David Hemming’s takes on the role of Captain Louis Edward Nolan, who is it seems, to be the only glimmer of sanity and reason amongst all of the chaos, ineptitude and slaughter, and ironically in the movie is the first fatality in the charge, struck down before the brigade has reached a gallop. In reality Nolan was a respected officer and a great supporter and believer in the power and strategic usefulness of British cavalry. Properly led, the British Hussar and Dragoon could in his mind break squares, take batteries, ride over columns of infantry, and pierce any other cavalry in the world as if they were made of straw. It was Nolan who took the order to the brigade and according to eye witnesses on the day when asked by the brigade commander “ Where are we to advance to”? Nolan pointed in the direction of the Russian lines and said “THERE ARE THE ENEMY, AND THERE ARE THE GUNS”.


(Benjamin Disraeli in the House of Commons 15 December 1855)

A fresh faced Vanessa Redgrave provides the love interest as Clarissa, who embarks on an affair with the Hemmings character. The presence of Vanessa Redgrave,( the director’s wife from 1962 to 1967), in the role of one of the prim Victorian ladies, is itself amusing as Redgrave was then and still is a dedicated left-wing actress who has never disguised her support of a variety of political causes. There are also a number of familiar British actors in the cast who take on minor but important roles, Peter Bowles for example who plays the irritatingly pompous popinjay paymaster, Captain Henry Duberly, who is it seems very good at talking military matters but has little experience of them. Ray Pattison as the rough and ready (but loyal) regimental Sgt Major and Jill Bennett as Mrs Fanny Duberly, who constantly lusts after Lord Cardigan.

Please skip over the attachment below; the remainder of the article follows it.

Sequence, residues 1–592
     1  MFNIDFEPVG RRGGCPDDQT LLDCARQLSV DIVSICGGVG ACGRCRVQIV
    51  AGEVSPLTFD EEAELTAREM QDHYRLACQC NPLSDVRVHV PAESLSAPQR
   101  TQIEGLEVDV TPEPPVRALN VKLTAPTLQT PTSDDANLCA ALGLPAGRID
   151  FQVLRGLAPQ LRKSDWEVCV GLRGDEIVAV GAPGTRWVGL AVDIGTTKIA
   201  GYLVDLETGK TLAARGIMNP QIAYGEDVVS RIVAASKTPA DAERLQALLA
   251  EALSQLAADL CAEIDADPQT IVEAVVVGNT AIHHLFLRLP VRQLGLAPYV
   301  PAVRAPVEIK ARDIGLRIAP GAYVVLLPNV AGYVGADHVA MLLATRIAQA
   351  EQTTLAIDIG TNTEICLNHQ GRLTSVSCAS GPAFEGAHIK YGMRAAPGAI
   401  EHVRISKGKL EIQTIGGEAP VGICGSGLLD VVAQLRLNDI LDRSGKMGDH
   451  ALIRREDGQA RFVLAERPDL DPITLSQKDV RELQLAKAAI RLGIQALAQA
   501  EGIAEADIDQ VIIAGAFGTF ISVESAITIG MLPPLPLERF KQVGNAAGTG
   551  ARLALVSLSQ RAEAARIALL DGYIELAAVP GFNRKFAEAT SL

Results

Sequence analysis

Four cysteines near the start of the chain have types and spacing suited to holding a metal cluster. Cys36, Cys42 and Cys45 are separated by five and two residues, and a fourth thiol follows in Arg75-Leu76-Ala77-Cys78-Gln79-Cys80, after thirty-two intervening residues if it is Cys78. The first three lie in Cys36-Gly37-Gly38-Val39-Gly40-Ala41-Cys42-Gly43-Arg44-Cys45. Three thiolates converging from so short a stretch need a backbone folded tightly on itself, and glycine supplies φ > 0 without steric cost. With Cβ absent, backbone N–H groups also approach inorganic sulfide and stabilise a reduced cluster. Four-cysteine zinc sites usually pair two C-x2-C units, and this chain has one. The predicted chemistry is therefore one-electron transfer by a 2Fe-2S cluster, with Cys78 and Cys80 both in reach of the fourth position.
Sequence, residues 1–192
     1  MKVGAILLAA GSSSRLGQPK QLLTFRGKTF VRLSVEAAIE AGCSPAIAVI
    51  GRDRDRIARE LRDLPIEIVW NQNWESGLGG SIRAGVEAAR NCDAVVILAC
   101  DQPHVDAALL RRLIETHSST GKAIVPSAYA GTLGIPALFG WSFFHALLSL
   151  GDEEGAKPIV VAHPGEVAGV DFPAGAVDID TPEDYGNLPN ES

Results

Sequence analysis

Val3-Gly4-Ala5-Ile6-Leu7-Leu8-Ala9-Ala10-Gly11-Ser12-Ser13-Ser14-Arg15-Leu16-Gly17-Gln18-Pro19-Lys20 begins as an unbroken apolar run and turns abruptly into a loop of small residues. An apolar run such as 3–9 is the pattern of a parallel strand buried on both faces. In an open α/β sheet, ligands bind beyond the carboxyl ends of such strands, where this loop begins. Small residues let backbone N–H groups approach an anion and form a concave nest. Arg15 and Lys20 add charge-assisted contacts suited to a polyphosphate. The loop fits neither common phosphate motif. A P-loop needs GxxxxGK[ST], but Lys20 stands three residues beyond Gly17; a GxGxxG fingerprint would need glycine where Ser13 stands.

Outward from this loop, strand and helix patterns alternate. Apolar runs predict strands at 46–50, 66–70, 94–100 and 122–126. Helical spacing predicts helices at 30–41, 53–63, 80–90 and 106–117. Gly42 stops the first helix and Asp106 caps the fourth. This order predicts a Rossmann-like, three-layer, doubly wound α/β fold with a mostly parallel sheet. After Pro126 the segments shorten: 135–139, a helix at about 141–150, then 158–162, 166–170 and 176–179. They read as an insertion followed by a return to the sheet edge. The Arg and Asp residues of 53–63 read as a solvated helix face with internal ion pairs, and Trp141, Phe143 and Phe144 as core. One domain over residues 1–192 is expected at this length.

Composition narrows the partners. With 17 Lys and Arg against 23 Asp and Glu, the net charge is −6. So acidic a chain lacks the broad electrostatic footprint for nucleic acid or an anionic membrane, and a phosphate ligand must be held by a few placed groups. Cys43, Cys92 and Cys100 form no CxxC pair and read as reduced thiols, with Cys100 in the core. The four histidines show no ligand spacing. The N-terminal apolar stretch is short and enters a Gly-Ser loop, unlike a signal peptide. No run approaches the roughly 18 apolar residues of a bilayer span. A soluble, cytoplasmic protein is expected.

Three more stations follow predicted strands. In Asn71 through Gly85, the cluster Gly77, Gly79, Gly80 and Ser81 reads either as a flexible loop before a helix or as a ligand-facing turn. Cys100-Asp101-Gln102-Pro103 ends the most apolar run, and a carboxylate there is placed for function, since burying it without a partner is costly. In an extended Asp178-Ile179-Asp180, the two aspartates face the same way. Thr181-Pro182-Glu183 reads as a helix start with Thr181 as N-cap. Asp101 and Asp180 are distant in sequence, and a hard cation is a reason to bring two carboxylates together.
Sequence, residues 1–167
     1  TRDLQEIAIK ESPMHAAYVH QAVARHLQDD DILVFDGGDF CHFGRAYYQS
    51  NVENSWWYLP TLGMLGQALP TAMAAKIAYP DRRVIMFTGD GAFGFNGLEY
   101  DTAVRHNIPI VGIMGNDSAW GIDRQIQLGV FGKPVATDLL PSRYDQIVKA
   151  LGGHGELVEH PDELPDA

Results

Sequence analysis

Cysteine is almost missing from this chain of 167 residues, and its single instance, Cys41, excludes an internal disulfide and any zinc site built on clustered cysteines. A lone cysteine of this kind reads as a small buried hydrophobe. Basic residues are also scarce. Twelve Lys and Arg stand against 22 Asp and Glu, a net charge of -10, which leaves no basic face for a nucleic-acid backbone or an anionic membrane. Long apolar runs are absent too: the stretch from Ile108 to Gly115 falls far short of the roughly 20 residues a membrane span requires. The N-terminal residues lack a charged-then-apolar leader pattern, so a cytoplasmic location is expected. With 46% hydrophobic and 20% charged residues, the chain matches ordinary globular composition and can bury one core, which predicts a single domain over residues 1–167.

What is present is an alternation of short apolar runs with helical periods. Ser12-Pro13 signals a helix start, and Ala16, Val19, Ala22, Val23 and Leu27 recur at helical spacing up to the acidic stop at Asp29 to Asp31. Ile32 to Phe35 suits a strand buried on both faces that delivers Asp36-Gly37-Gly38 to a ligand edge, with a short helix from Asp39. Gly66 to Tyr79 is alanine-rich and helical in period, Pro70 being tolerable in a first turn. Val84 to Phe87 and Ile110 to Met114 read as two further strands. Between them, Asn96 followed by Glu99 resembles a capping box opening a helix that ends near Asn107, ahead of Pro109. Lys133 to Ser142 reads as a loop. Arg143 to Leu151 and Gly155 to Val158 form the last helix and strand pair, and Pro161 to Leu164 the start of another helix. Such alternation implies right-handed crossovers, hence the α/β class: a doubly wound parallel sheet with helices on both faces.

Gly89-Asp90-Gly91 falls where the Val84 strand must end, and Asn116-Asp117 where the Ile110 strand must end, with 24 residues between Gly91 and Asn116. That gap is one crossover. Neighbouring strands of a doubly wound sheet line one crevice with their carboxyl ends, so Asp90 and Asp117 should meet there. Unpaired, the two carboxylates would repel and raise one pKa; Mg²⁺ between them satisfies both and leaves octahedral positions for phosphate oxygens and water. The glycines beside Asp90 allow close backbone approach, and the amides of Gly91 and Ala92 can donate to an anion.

Director Richardson’s expertise behind the camera brought out the best in these actors, with their roles made more realistic and credible because of the film-makers down to earth approach. The movie was filmed in a fashion that fused feature film and documentary styles to great effect, which again added depth, realism and atmosphere to the films storyline and visual/aural content. This technique drew attention to the social levels of the period and fixed upon the observations and comments however insignificant of individual officers and their underlings. It highlighted the stark and broad gap between officers and soldiers and made comparisons between the pompous and luxurious lifestyle of the wealthy as opposed to the basic and impoverished day to day struggle to survive of the common man.